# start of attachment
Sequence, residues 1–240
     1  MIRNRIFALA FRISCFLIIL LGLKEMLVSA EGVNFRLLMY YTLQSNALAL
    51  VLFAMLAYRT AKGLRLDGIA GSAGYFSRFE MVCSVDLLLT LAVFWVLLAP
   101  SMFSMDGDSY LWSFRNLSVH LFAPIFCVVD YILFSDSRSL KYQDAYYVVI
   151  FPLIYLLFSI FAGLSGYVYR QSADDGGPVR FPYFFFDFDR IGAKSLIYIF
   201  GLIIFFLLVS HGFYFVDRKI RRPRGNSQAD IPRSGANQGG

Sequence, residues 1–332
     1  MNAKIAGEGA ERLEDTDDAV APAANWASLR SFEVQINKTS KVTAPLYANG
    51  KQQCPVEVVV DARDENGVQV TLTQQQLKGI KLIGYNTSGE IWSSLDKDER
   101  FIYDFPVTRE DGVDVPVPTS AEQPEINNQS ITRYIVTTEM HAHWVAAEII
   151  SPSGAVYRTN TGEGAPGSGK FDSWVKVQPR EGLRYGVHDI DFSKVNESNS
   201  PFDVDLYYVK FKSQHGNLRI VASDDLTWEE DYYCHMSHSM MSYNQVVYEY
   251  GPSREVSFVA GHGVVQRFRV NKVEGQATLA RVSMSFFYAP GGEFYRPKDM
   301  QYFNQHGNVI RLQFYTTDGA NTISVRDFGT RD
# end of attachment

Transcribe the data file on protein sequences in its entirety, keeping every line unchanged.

Sequence, residues 1–240
     1  MIRNRIFALA FRISCFLIIL LGLKEMLVSA EGVNFRLLMY YTLQSNALAL
    51  VLFAMLAYRT AKGLRLDGIA GSAGYFSRFE MVCSVDLLLT LAVFWVLLAP
   101  SMFSMDGDSY LWSFRNLSVH LFAPIFCVVD YILFSDSRSL KYQDAYYVVI
   151  FPLIYLLFSI FAGLSGYVYR QSADDGGPVR FPYFFFDFDR IGAKSLIYIF
   201  GLIIFFLLVS HGFYFVDRKI RRPRGNSQAD IPRSGANQGG

Sequence, residues 1–332
     1  MNAKIAGEGA ERLEDTDDAV APAANWASLR SFEVQINKTS KVTAPLYANG
    51  KQQCPVEVVV DARDENGVQV TLTQQQLKGI KLIGYNTSGE IWSSLDKDER
   101  FIYDFPVTRE DGVDVPVPTS AEQPEINNQS ITRYIVTTEM HAHWVAAEII
   151  SPSGAVYRTN TGEGAPGSGK FDSWVKVQPR EGLRYGVHDI DFSKVNESNS
   201  PFDVDLYYVK FKSQHGNLRI VASDDLTWEE DYYCHMSHSM MSYNQVVYEY
   251  GPSREVSFVA GHGVVQRFRV NKVEGQATLA RVSMSFFYAP GGEFYRPKDM
   301  QYFNQHGNVI RLQFYTTDGA NTISVRDFGT RD